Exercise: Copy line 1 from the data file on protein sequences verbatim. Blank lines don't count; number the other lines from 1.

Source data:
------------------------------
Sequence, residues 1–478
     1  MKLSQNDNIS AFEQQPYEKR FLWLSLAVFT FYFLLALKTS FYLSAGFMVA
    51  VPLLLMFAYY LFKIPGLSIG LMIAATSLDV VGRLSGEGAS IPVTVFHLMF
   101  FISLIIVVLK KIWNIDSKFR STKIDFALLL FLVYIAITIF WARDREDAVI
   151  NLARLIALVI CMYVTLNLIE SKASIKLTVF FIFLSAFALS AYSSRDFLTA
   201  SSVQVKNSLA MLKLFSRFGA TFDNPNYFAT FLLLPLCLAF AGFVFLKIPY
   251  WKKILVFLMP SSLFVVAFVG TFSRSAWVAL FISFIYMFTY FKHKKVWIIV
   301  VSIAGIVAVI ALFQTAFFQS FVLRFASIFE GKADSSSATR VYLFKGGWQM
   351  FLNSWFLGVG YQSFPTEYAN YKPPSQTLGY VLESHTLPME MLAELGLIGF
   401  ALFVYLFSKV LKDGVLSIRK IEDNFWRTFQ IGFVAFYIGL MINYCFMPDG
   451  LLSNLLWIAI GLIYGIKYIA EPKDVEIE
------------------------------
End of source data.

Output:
Sequence, residues 1–478